samedi 12 janvier 2013

The Myth of American Meritocracy

The Myth of American Meritocracy 
How corrupt are Ivy League admissions?
By Ron Unz • November 28, 2012

Just before the Labor Day weekend, a front page New York Times story broke the news of the largest cheating scandal in Harvard University history, in which nearly half the students taking a Government course on the role of Congress had plagiarized or otherwise illegally collaborated on their final exam.1 Each year, Harvard admits just 1600 freshmen while almost 125 Harvard students now face possible suspension over this single incident. A Harvard dean described the situation as “unprecedented.”

But should we really be so surprised at this behavior among the students at America’s most prestigious academic institution? In the last generation or two, the funnel of opportunity in American society has drastically narrowed, with a greater and greater proportion of our financial, media, business, and political elites being drawn from a relatively small number of our leading universities, together with their professional schools. The rise of a Henry Ford, from farm boy mechanic to world business tycoon, seems virtually impossible today, as even America’s most successful college dropouts such as Bill Gates and Mark Zuckerberg often turn out to be extremely well-connected former Harvard students. Indeed, the early success of Facebook was largely due to the powerful imprimatur it enjoyed from its exclusive availability first only at Harvard and later restricted to just the Ivy League.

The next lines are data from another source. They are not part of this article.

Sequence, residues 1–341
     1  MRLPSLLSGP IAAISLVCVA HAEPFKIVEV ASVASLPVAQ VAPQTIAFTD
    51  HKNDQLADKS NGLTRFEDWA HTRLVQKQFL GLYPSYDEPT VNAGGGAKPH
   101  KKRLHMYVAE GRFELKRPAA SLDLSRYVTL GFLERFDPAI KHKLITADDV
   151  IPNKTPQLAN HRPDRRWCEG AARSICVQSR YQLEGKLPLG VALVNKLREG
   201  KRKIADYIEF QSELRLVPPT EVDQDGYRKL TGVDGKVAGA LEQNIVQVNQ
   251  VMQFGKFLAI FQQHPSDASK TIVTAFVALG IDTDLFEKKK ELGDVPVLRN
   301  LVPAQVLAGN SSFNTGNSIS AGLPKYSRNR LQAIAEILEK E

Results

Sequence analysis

During this period, we have witnessed a huge national decline in well-paid middle class jobs in the manufacturing sector and other sources of employment for those lacking college degrees, with median American wages having been stagnant or declining for the last forty years. Meanwhile, there has been an astonishing concentration of wealth at the top, with America’s richest 1 percent now possessing nearly as much net wealth as the bottom 95 percent.2 This situation, sometimes described as a “winner take all society,” leaves families desperate to maximize the chances that their children will reach the winners’ circle, rather than risk failure and poverty or even merely a spot in the rapidly deteriorating middle class. And the best single means of becoming such an economic winner is to gain admission to a top university, which provides an easy ticket to the wealth of Wall Street or similar venues, whose leading firms increasingly restrict their hiring to graduates of the Ivy League or a tiny handful of other top colleges.3 On the other side, finance remains the favored employment choice for Harvard, Yale or Princeton students after the diplomas are handed out

Lire la suite de l'article

Source : The American Conservative

3 commentaires:

  1. Madame,

    SVP voir

    Traian Băsescu, expert în manipulările Roşia Montană


  2. Stimata doamna,

    Nu stiu ce varsta aveti, dar vad ca ati terminat ASE. Si eu am terminat ASE. Am cunoscut si lucrat in mai mulkte tari, dar nu mi-am permis sa balivernez, ca dv. pe subiecte pe care nu sunt stapan.
    Vorbiti, intre altele, in articolul publiocat de ca exploatarea aurului de la Rosia Montana va distruge galeriile romane.
    Stimata doamna, galeriile romane sunt distruse de pe vremea marei tereza, cand austriecii au exploatat, cu desfrnare, cveea ce se mai gasea in subso9lul Muntilotr m etaliferi din Romania.
    Apoi spuneti ca Romania nu trebuie sa-si exploateze zacamintele. De ce? canadienii, americanii, nemtii (carbune) de ce o fac. Romanii sa culeaga ciuperci din padure, spun unii. Ar fi mai ecologic, cica.
    Dv. sunteti de aceeasi parere.
    Si pt. ca presupun ca traiti in Canada, ia intrebati dv. guvernul federal sau cele regionale, ce parere au despre asa zisa dv. teorie cu privire la pastrarea natrurii si uitarea pe veci a resurselor subterane.


    Constantin Radut